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How to compete with an unfair or unnecessary noncompete clause

Business, Money

The use of employee noncompete agreements is on the rise, everywhere from the tech industry (makes sense) to the sandwich industry (seriously?). However, noncompete agreements have their limits, and certain unnecessarily stifling terms may be unenforceable in a court of law.

Noncompete clauses: The basics

As the name suggests, a noncompetition agreement is a signed contract between two parties wherein one party agrees to certain terms that will eliminate or lessen the other party’s risk of damage to its brand or product through market dilution. In other words, one party has developed an awesome idea or product, and the other party has to agree not to copy the idea or use the idea to create its own awesome product.

Noncompete agreements generally contain two major restrictions: geography and time. For example, if an employee works at a technology company selling innovative agriculture products to the western half of a state, a noncompetition agreement might prevent him from creating or selling similar agricultural products or ideas in that same half of the state for a year following the end of his employment with his current company.

In nearly all U.S. jurisdictions, noncompetition agreements must not cross the fine line separating permissible business protection from unlawful restraints on trade and the freedom to contract. Because of this, courts routinely strike down noncompete clauses that are unnecessarily far-reaching in nature. The cutoff points vary from state to state, but it is not uncommon for a court to refuse to enforce a noncompete clause that covers an entire state or lasts much longer than one year.

Excessive noncompete agreements popping up in more and more industries

With the proliferation of readily-accessible “legal” documents on the web, more and more businesses are deciding it makes sense to have every employee sign some sort of noncompete agreement, regardless of actual risk of market dilution, unfair post-employment competition or secret-spilling.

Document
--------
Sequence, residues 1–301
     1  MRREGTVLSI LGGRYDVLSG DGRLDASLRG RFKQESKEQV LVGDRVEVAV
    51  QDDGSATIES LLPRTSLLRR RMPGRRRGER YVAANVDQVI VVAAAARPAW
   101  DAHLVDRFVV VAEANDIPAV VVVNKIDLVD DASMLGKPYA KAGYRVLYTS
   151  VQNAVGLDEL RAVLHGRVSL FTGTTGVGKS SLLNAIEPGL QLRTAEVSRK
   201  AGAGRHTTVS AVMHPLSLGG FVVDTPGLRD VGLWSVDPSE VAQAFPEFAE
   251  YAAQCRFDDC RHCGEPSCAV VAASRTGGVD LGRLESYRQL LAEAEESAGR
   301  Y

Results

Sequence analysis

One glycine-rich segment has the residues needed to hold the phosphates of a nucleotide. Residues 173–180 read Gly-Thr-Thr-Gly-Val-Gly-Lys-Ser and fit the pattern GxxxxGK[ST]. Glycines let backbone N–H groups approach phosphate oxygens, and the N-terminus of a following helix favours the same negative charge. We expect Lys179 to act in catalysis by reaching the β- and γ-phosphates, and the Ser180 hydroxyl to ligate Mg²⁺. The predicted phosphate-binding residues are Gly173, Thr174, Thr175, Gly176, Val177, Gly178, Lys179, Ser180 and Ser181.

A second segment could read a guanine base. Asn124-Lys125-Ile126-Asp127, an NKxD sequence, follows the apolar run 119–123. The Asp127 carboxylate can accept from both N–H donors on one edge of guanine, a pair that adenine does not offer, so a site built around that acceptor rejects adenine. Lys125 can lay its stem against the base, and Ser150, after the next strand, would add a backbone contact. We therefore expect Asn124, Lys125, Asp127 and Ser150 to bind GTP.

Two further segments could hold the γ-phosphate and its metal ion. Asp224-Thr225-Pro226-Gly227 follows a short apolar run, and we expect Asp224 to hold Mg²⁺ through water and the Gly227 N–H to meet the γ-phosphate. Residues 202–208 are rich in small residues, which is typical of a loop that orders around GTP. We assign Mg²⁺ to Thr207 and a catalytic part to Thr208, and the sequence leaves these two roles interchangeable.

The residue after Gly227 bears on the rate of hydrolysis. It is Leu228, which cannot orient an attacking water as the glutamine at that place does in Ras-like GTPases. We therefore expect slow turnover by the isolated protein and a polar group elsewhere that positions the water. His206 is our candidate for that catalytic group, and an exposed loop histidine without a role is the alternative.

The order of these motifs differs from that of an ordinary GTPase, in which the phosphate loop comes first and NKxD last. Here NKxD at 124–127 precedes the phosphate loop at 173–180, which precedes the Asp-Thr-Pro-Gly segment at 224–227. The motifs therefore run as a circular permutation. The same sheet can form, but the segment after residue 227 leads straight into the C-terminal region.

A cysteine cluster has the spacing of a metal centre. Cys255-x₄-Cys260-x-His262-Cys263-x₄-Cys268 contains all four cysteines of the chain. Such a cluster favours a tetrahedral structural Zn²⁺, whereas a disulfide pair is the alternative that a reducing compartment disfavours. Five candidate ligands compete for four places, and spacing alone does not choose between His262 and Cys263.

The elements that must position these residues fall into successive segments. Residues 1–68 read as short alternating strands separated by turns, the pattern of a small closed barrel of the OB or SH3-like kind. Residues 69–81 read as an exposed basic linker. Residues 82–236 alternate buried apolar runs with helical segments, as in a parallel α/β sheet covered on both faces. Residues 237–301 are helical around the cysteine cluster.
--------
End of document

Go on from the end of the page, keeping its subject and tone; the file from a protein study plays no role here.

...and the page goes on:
The result is that noncompete agreements are no longer limited to industries like technology and business – industries with legitimate trade secrets to safeguard. In fact, yoga instructors, summer camp counselors and sandwich makers are now being faced with seemingly ironclad agreements.

The appropriateness of such agreements depends heavily on the nature of the trade and the value of the secrets being protected. A noncompete agreement in the sandwich industry might make sense if the restaurant is nationally known for a particular recipe, sauce or ingredient (think: Big Mac secret sauce). By contrast, a noncompete agreement at a traditional deli serving basic turkey and cheese sandwiches is probably overkill and, in all likelihood, unenforceable.

With this excessive noncompete craze comes the inevitable problem of unemployment for those looking to make a lateral move within the same industry. For the yoga instructor under a strict noncompetition agreement, it may be difficult to find work in the same city without violating the clause or worrying about the possibility of facing civil penalties.

Remember, the company that wishes to take legal action against a former employee must prove actual, quantifiable harm to the business in order to prevail. This requirement may help soften the pressure placed on employees fearful of facing untold liability for changing jobs within the same industry, particularly if no actual harm to the former employer has occurred.

Facing a noncompete agreement? You can negotiate.

One of the best pieces of advice to any new employee facing a noncompetition agreement is to stop and carefully read the terms before signing. If the language feels uncomfortable, it is probably too expansive and should be negotiated.

If you live in a state like California, you can bring up the fact that state law generally does not allow noncompete agreements in any form, though it wouldn’t be enforceable anyway. In other states, the noncompete agreement must fit within the requirements described above, i.e, be reasonable in scope and length of time. If you are facing a ridiculously overreaching noncompete agreement, you can gracefully mention to your new employer that the terms seem unfair and likely unlawful. You could also ask why the business feels it needs to overprotect itself by unreasonably restraining employees. But if the conversation gets to this point, it’s probably a red flag that you should find a job elsewhere, if possible.

Depending on the industry and the position, it may be wise to hire an attorney to review the agreement. Hourly workers who might not think they can afford an attorney can now speak to one for a relatively low fee — $39 for a phone call — to review agreements and get advice through the new Avvo Advisor service.

Download the Avvo Advisor App and, for a limited time only, use promo code Nakedlaw to get a free Advisor session.

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